In a time of rising living costs, distracted driving, and joyless commutes, we can’t think of a better time to bring back the manual transmission. A manual can save you big bucks that you can then spend on rent, travel, or a down payment on a house. Plus, manuals inject some fun into your commute, gamifying your drive to work as you master upshifts and challenge yourself to learn advance techniques, like heel-toeing.
If you’re considering a manual (and we hope you are), which one should you buy? Well, here are our top picks for manuals in four of our generation’s favorite categories.
The budget-friendly one: The Toyota Yaris iA
With the manual trim starting at $15,950, the Yaris iA isn’t quite as inexpensive off the lot as a competing Chevy Cruze ($15,150), but if you can stomach a few extra bucks on your lease rate you’ll enjoy a car that could easily be mistaken for one costing $10,000 more. With a surprisingly high-quality interior and sharp driving dynamics, the Yaris is the inexpensive subcompact to beat.
Fun fact: The Yaris iA was formerly the Scion iA, but underneath it’s really a Mazda2, making it perhaps the most lovable mutt in the automotive world.
The practical one: The VW Golf GTI
King of the hatchbacks since the 80’s the Golf GTI is the best car in the VW lineup by a wide margin. Despite being front-wheel drive, it handles and grips like a much more expensive sports car and hops to 60 in just 6 seconds. But rarely are GTIs lauded for their day-to-day practicality, and they should be. Boasting 52.7 cubic feet of cargo space, the GTI can haul nearly as much as a Toyota RAV4, but unlike most crossovers, the Golf GTI will leave you grinning the entire way to the campsite.
The off-roader: The Jeep Wrangler or the Subaru WRX
Like the idea of dropping into second gear so you can hit the redline and spray mud on the rally enthusiast behind you? Though limited, your options for off-road manual cars are excellent.
Starting at under $23,995, the American-as-apple-pie Jeep Wrangler remains an off-road staple thanks to its heavy-duty suspension and sophisticated 4WD system. If you plan to take your car anywhere Bear Grylls can go, there are few better options for under $30,000. However, the Wrangler’s deafening road noise and gas-guzzling MPG may turn off non-enthusiasts.
For an equally iconic off-roader with better road manners, consider the Subaru WRX. Standing for World Rally Cross, the WRX is the Japanese company’s proud off-road sports sedan, boasting 268 horsepower, unstoppable four-wheel drive, and a legendary rallying pedigree.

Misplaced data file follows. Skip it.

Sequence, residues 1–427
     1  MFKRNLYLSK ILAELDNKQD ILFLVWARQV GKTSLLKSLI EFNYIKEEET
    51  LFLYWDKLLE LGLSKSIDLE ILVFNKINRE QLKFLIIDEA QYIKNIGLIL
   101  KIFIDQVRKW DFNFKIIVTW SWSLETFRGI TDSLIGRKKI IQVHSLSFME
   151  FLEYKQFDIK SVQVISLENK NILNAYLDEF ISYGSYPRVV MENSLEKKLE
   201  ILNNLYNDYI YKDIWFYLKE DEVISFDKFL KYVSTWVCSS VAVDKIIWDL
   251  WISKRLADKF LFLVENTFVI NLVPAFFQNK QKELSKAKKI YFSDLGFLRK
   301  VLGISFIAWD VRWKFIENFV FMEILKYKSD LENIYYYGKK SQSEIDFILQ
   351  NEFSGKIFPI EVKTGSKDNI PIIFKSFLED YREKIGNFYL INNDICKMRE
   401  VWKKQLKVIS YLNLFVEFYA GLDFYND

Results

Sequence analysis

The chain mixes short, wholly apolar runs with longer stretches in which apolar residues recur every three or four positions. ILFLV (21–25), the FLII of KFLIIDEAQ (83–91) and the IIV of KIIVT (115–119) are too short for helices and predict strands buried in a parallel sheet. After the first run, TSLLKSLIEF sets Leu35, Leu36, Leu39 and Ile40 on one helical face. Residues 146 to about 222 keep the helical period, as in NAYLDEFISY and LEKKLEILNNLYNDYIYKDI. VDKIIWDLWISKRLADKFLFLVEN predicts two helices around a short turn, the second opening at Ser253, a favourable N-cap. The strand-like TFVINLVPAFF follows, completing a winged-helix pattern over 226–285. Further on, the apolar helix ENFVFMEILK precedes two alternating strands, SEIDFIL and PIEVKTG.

Renowned as one of the best cars to drive in the snow, the $26,995 WRX would make an excellent choice for those of you living North of the Wall (or just north of the Mason-Dixon Line).
The fun one: The Mazda MX-5
Our love for the MX-5 has evolved from a passionate honeymoon into a strong marriage. Drives through California’s wine country were predictably blissful, but even through the rain-soaked Costco runs and plodding traffic, we never fell out of love with Mazda’s sublime two-seater. Combining speed, comfort, perfect driving dynamics, and head-turning looks, the MX-5 offers nearly everything you could want from a supercar for a tenth of the cost.
Honorable mentions for a fun manual include the Subaru BRZ/Toyota 86. We like their slick transmissions and handling, but couldn’t get over their cheap-feeling interiors and attached boy-racer persona. Plus, the MX-5 is significantly cheaper to insure.
While we singled out the MX-5 as the “fun one,” in reality, all manuals are more fun than their automatic counterparts.
That being said, what are some tips for learning to drive a manual?
Tips for learning to drive your new manual car
Driving a manual is like riding a bike—it can be tricky to learn the first time, but once it “clicks,” it’s mostly muscle memory from then on, and you never forget. With patience, you can learn to drive a manual in less than two hours.
It’s best to learn with someone who can already drive manual. They can help you get your car to a safe place for practice and offer you tips.
Great manual practice grounds include empty church parking lots, industrial parks, and flat, quiet neighborhoods. It can feel embarrassing stalling your car over and over, so it’s best to learn somewhere where there’s no one around to make you feel judged!
Going from a stand-still to first gear is the hardest part of driving a manual. Once you’ve mastered that, shifting between the upper gears is much easier.
If the car stalls, the engine has stopped and you’ll have to turn it back on. You need to give it more gas next time.
If the car lurches forward, the clutch, the part between the gears and the engine, is having difficulty connecting because you’ve given the engine too much gas. Easier on the gas next time!
Find the sweet spot. The “sweet spot” is where the clutch best connects the gears and the engine, resulting in smooth acceleration. Try lifting the clutch about ¼ of the way up, and applying a little gas as if you were pulling up in a drive-thru line. The engine may sound like it’s revving louder than an automatic, but that’s natural in a manual.
Shifting between gears 2-6 will be much easier. Your co-pilot can help you.
One of the best things about manual cars the price tag—they tend to be a little cheaper than automatics. These are just some of our favorite, more budget-friendly models.